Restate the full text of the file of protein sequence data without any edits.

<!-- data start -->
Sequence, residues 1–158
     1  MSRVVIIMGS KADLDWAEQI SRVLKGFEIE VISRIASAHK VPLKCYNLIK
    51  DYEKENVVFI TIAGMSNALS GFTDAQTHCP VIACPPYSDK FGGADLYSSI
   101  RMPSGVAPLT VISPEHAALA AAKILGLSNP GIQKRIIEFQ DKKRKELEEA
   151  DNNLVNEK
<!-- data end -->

Sequence, residues 1–158
     1  MSRVVIIMGS KADLDWAEQI SRVLKGFEIE VISRIASAHK VPLKCYNLIK
    51  DYEKENVVFI TIAGMSNALS GFTDAQTHCP VIACPPYSDK FGGADLYSSI
   101  RMPSGVAPLT VISPEHAALA AAKILGLSNP GIQKRIIEFQ DKKRKELEEA
   151  DNNLVNEK